December 4, 2022

Supporting STEM: Innovation Challenge @ Dahlgren Targets Critical Area Need

Washington & Lee High School Assistant Principal Wilfredo Hernandez (left) and the Naval Surface Warfare Center Dahlgren Division’s Director of Academic Engagement Michael Clark discuss the parameters of the Innovation Challenge @ Dahlgren. Washington & Lee High School in Montross was the first to accept the challenge, designed to highlight the importance of STEM education.

Washington & Lee High School Assistant Principal Wilfredo Hernandez (left) and the Naval Surface Warfare Center Dahlgren Division’s Director of Academic Engagement Michael Clark discuss the parameters of the Innovation Challenge @ Dahlgren. Washington & Lee High School in Montross was the first to accept the challenge, designed to highlight the importance of STEM education.

“STEM” learning – science, technology, engineering and math – has been a priority for decades. But fewer young people in the U.S. are pursuing these subjects, and that puts the nation at risk.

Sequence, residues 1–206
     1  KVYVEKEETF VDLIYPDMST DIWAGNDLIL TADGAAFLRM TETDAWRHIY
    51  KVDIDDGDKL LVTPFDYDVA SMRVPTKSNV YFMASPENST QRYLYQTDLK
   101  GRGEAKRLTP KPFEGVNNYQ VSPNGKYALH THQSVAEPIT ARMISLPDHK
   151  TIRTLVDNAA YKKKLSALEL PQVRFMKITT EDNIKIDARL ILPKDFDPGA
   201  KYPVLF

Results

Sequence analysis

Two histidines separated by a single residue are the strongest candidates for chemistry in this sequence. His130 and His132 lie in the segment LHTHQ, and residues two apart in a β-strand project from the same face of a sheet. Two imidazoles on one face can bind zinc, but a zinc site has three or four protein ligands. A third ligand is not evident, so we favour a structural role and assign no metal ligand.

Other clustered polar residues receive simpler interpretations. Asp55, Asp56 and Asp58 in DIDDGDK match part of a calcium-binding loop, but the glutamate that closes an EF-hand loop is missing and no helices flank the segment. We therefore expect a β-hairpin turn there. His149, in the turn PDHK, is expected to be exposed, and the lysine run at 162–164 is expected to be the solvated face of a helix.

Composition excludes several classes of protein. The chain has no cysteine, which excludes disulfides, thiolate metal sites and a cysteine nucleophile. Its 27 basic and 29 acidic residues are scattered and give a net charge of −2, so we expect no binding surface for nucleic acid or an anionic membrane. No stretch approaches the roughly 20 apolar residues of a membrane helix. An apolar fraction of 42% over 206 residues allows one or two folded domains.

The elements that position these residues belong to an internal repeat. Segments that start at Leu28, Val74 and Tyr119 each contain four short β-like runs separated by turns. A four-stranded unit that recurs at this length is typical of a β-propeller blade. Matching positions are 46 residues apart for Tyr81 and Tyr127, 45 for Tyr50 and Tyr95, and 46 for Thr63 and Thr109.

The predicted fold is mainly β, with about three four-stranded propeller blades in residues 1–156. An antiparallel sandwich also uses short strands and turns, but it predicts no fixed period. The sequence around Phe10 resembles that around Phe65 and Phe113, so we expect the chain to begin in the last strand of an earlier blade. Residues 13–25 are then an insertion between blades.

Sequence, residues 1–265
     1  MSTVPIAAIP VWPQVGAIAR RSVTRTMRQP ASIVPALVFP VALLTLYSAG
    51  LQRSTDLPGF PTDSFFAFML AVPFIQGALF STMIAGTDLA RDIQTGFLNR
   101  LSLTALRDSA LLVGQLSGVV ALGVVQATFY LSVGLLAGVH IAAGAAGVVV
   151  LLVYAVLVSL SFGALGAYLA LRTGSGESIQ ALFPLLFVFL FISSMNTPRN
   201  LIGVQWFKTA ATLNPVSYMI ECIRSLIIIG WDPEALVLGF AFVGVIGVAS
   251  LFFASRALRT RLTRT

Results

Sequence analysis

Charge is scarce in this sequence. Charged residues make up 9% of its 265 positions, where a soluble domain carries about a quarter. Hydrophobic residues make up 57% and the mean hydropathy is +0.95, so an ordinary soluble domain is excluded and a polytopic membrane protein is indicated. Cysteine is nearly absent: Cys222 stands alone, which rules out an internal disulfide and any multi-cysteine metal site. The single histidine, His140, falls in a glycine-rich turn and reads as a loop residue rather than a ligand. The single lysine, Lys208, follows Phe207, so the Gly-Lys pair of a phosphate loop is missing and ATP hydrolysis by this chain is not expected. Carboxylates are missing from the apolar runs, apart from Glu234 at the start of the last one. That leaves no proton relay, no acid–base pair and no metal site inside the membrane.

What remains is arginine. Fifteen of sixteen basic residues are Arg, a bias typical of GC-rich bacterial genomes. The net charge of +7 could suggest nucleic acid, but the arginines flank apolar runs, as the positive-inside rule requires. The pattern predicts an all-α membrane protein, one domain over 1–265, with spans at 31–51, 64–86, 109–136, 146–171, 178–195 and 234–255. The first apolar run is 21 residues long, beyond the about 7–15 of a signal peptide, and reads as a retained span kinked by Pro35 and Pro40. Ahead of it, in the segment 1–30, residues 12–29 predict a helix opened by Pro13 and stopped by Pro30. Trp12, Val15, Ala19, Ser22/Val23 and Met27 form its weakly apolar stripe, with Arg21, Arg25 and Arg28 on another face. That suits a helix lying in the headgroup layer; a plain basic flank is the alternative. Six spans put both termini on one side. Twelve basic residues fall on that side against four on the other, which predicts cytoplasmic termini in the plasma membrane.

The Innovation Challenge @ Dahlgren represents a powerful partnership set to take aim at this critical need in the Fredericksburg region. The robotics-style competition pits teams of high-schoolers against one another in a race of Python coding, sensor integration, navigation, detection, and command and control. Its début on Friday, April 29, and Saturday, April 30, features students from public, private and governor’s schools – from Richmond to Stafford and throughout the Northern Neck – and puts a spotlight on the need for STEM programs.

Held at the University of Mary Washington’s Dahlgren Campus, the event is presented by UMW; the Naval Surface Warfare Center, Dahlgren Division (NSWC); MITRE Corporation; and the Fredericksburg Regional Military Affairs Council.

“This collaborative effort offers an amazing hands-on learning experience for area high school students, demonstrating UMW’s commitment to the regional economy and development of talent for in-demand STEM jobs,” said Mary Washington President Troy Paino.

Future leaders in everything from software development and artificial intelligence to the environment and pharmaceuticals will gather for the two-day competition. Their mission? Establish communication with a tiny robot on wheels, program it to maneuver a mat – navigating through the “sea” and around “land masses” – then detect, acquire and act on a target . Winners will split a cash prize of $5,000. Read more.